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KBC has been an area of intense studies over the last
decade. 2, 3, 6, 14, 23, 25, 31, 37, 41, 43, 48, 52 Within this space, there are a
number of approaches.
5. 1. Rule-based systems
The earliest KBC systems used pattern matching to extract
relationships from text. The most well-known example is the
“Hearst Pattern” proposed by Hearst18 in 1992. In her seminal
work, Hearst observed that a large number of hyponyms can
be discovered by simple patterns, for example, “X such as Y.”
Hearst’s technique has formed the basis of many further
techniques that attempt to extract high-quality patterns from
text. Rule-based (pattern matching-based) KBC systems,
such as IBM’s System T, 25, 26 have been built to aid developers
in constructing high-quality patterns. These systems provide
the user with a (declarative) interface to specify a set of rules
and patterns to derive relationships. These systems have
achieved state-of-the-art quality on tasks, such as parsing. 26
5. 2. Statistical approaches
One limitation of rule-based systems is that the developer
needs to ensure that all rules provided to the system are high-precision rules. For the last decade, probabilistic (or machine
learning) approaches have been proposed to allow the system to select from a range of a priori features automatically.
In these approaches, the extracted tuple is associated with a
marginal probability that it is true. DeepDive, Google’s knowledge graph, and IBM’s Watson are built on this approach.
Within this space, there are three styles of systems based
on classification, 2, 3, 6, 14, 48 maximum a posteriori, 23, 31, 43 and
probabilistic graphical models. 11, 37, 52 Our work on DeepDive
is based on graphical models.
6. CURRENT DIRECTIONS
6. 1. Data programming
In a standard DeepDive KBC application (e.g., as in Section
3. 2), the weights of the factor graph that models the extraction
task are learned using either hand-labeled training data or
distant supervision. However, in many applications, assembling hand-labeled training data is prohibitively expensive
(e.g., when domain expertise is required), and distant supervision can be insufficient or time consuming to implement
perfectly. For example, users may come up with many potential distant supervision rules that overlap, conflict, and are of
varying unknown quality, and deciding which rules to include
and how to resolve their overlaps could take many development cycles. In a new approach called data programming, 38 we
allow users to specify arbitrary labeling functions, which subsume distant supervision rules and allow users to programati-cally generate training data with increased flexibility. We then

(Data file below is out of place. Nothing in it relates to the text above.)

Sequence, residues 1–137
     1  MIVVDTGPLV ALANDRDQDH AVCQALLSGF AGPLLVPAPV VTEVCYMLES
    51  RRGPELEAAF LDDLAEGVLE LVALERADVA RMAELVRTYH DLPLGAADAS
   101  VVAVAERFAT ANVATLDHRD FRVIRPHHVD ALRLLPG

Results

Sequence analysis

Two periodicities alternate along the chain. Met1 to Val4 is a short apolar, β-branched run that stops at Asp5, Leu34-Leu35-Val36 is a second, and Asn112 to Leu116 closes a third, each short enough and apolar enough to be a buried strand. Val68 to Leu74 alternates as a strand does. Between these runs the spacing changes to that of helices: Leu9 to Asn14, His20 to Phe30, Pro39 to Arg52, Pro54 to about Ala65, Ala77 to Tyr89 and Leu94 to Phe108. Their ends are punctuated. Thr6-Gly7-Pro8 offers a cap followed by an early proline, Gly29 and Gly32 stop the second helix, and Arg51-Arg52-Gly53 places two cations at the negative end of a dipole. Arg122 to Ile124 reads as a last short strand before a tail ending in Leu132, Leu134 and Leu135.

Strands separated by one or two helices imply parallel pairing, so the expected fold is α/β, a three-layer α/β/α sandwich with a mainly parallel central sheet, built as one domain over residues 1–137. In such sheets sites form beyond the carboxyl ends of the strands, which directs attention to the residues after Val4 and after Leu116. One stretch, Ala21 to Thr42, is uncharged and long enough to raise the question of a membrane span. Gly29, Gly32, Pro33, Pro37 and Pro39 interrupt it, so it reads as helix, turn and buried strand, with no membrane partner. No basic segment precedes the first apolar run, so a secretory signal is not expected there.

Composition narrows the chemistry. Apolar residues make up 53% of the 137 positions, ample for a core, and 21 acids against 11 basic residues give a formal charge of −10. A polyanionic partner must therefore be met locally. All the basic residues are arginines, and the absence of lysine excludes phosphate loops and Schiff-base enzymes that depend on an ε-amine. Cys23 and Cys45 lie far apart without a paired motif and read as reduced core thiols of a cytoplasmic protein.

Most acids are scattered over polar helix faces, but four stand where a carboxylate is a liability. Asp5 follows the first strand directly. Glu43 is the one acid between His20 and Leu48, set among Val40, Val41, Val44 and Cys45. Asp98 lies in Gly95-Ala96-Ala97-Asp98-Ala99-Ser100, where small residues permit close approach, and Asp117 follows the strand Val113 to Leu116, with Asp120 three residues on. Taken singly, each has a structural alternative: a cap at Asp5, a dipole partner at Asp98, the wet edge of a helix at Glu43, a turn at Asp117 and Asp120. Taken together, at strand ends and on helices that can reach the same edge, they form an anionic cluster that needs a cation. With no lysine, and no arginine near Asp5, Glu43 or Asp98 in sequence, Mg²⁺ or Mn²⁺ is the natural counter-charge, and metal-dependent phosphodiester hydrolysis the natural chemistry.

learn the relative accuracies of these labeling functions and
denoise their labels using automated techniques, resulting
in improved performance on the KBC applications outlined.
6. 2. Lightweight extraction
In some cases, users may have simple extraction tasks which
need to be implemented rapidly, or may wish to first iterate
on a simpler initial version of a more complex extraction task.
For example, a user might have a complex extraction task
involving multiple entity and relation types, connected by a
variety of inference rules, over a large web-scale dataset; but
they may want to start by iterating on just a single relationship
over a subset of the data. For these cases, we are developing a
lightweight, Jupyter notebook-based extraction system called
Snorkel, intended for quick iterative development of simple
extraction models using data programming. 13 We envision
Snorkel as a companion and complement to DeepDive.j
6. 3. Asynchronous inference
One method for speeding up the inference and learning
stages of DeepDive is to execute them asynchronously. In
recent work, we observed that asynchrony can introduce
bias in Gibbs sampling, and outline some sufficient conditions under which the bias is negligible. 10 Further theoretical and applied work in this direction will allow for faster
execution of complex DeepDive models asynchronously.
We gratefully acknowledge the support of the Defense
Advanced Research Projects Agency (DARPA) XDATA program under no. FA8750-12-2-0335 and DEFT program
under no. FA8750-13-2-0039, DARPA’s MEMEX program
and SIMPLEX program, the National Science Foundation
(NSF) CAREER Award under no. IIS-1353606, the Office of
Naval Research (ONR) under awards nos. N000141210041
and N000141310129, the National Institutes of Health
Grant U54EB020405 awarded by the National Institute of
Biomedical Imaging and Bioengineering (NIBIB) through
funds provided by the trans-NIH Big Data to Knowledge
(BD2K) initiative, the Sloan Research Fellowship, the Moore
Foundation, American Family Insurance, Google, and
Toshiba. Any opinions, findings, and conclusions or recommendations expressed in this material are those of the
authors and do not necessarily reflect the views of DARPA,
AFRL, NSF, ONR, NIH, or the US government.